California girl Maggie Taylor carries on the beachside legacy her parents left when they built their Carpinteria getaway in 1937.
Any kid would envy the summers Maggie Taylor spent during the1950s and '60s in her family's beach house near Santa Barbara. Herfather pitched a cabana on the sand in June and stocked it throughSeptember with dry clothes and fresh towels. She rode the surf on arubber mattress until she could swim to a platform anchoredoffshore. When she was 7, Maggie and her mother would scuba diveoff the Channel Islands, catching reef fish to fill two bigaquariums at the house.
The world was her oyster.
"I was on the water all day. We all were. My father was apassionate deep-sea fisherman," Maggie reminisces about ReeseTaylor, a Union Oil executive. Her namesake mother's scuba prowessmerited the 1950s article "Beauty and The Deep" in the Los Angeles Times. "My parents loved the ocean, and theybuilt this house to immerse themselves in the marine outdoors, andescape Los Angeles, whenever they could."
Now the house belongs to Maggie. It not only holds her childhoodmemories but also stands as a testament to timeless, innovativebeach-house design. Built open-faced to the ocean with a biggaragelike front door, the house was―and still is―oneof a kind. Maggie is committed to maintaining the integrity of itsarchitecture, established by her father and California landscapearchitect Lockwood de Forest.
In the 1920s and '30s, Lockwood de Forest gained fame inSouthern California for the sumptuous hillside estate gardens hedesigned for wealthy business and society clients. While a housesurrounded by sand dunes and sea was not the typical design venuefor de Forest, his philosophy of connecting a space to itsenvironment suited the Taylors' wishes exactly.
For the rugged fishing-and-scuba-diving clients, the landscapearchitect had to think like a mariner. His plan would be to orientthe interiors to the sea, and make the living as easy as sand andsalt water permit.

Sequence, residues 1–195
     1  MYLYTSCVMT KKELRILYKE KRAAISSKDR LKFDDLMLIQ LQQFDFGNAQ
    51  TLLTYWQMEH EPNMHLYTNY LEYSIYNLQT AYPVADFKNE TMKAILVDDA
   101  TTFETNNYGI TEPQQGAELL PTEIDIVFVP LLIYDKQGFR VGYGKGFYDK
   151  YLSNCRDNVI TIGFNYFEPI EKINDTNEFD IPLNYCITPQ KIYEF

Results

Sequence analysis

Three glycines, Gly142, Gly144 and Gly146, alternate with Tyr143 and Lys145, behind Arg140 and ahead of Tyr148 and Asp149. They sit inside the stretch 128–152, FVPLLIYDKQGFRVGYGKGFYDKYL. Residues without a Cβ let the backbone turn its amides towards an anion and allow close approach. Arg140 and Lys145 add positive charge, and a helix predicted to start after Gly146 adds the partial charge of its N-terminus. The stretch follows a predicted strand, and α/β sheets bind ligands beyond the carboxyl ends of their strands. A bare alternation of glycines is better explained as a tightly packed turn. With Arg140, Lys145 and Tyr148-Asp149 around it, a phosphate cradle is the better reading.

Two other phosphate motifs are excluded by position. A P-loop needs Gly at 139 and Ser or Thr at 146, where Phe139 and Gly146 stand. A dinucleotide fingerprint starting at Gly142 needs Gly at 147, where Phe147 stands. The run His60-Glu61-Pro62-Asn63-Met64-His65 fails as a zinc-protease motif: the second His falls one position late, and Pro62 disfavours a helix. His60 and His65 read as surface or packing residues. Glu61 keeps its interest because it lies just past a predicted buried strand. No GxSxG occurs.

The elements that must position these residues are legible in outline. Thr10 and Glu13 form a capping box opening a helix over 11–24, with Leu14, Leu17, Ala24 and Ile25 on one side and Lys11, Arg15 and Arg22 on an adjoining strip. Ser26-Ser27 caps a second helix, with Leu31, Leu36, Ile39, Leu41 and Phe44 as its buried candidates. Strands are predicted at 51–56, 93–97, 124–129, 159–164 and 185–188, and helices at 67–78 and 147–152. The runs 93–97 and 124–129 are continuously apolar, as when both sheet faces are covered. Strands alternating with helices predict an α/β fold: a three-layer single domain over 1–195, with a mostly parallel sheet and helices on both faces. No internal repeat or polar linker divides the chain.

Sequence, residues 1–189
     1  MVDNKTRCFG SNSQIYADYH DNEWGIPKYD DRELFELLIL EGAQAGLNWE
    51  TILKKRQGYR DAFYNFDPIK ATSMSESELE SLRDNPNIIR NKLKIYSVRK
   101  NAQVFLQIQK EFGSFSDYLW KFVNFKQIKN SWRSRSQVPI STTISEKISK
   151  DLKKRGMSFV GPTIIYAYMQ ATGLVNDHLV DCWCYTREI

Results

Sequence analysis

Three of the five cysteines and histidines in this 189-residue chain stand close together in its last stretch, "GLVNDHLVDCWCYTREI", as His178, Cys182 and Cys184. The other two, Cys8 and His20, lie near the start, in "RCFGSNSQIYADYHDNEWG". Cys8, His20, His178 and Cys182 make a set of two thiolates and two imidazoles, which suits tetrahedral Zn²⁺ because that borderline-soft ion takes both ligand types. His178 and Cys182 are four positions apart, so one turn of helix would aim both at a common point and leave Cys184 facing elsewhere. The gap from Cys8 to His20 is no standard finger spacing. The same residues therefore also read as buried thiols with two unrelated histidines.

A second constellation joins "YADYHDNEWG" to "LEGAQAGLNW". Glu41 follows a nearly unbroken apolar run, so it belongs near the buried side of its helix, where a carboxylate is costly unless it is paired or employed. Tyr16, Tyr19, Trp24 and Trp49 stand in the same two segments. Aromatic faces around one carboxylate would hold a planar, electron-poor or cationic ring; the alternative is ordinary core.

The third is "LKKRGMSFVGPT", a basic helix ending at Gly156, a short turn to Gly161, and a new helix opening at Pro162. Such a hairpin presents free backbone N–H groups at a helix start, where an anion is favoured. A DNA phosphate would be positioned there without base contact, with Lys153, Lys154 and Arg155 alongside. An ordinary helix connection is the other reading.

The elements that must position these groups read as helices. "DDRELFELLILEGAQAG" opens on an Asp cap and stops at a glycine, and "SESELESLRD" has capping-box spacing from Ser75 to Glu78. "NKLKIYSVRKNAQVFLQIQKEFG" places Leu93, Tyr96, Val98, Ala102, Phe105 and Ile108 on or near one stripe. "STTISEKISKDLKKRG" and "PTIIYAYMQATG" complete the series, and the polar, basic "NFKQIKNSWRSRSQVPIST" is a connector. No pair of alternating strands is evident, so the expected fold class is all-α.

"My father wanted to open up the whole house to the ocean,"Maggie says of his request to de Forest. "But there was notechnology in the '30s to provide the kind of wide, easy access heenvisioned." She thinks the two friends may have brainstormed thesolution together―a 12-foot-wide garage door (filled withrows of square windows) that opened manually with a ropepulley.
Originally the house's design called for two garage doors. Theexterior door facing the beach stayed open all day in good weather.An identical second door (later removed) was just opposite, acrossan inside deck. When shut, the second door sealed off the mainhouse to daytime traffic, and the inside deck between the two doorsbecame a shaded pavilion for reading and snoozing. The floor slatswere spaced an inch apart so any tracked-in sand siftedthrough.
This area also eased the transition between indoors and out. "Myfather wanted the big, open-plan room kept as a formal, sacredspace for evening entertaining and relaxation," Maggie remembers.Hollywood style still reigns in the sitting area Maggie's fatherkept sacrosanct for gracious living and dining. "As a young man, myfather worked for Llewellyn Steel and Ironworks, which made theprops for the first Mutiny on the Bounty film with Charles Laughton," saysMaggie. "He salvaged the ship's wheel from the set and hung it overthe fireplace." Portholes from the movie set became windows, andship propellers were transformed into lamp bases.
The marine theme attained Art Deco sophistication when de Forestinstalled a linoleum floor patterned to look like gigantic,multicolored fish scales. He also designed sleek maple furniturereminiscent of pieces on a 1930s ocean liner.
Though the majority of the house has remained unchanged duringits six decades, Maggie decided a few years ago that it was time toreenergize its interiors. The solid canvas covering de Forest usedon the maple chairs was changed to a stripe, and blocks of woodwere added to the chair bases to raise the seating height.
"I wanted to keep de Forest's 1930s feeling, not fancy it up,but I needed fresh ideas," says Maggie. So she invited her friendand L.A. designer Ann Knudsen to take a look.
On Ann's first visit, she climbed the ship's ladder to thepilothouse-style bedroom on the rooftop. With unobstructed views ofthe sunset on the Pacific and lights twinkling on the coastalmountains behind her, Ann understood Lockwood de Forest's intent:"I was meant to feel like I was on a ship at sea. How magical! Thishouse should never be changed."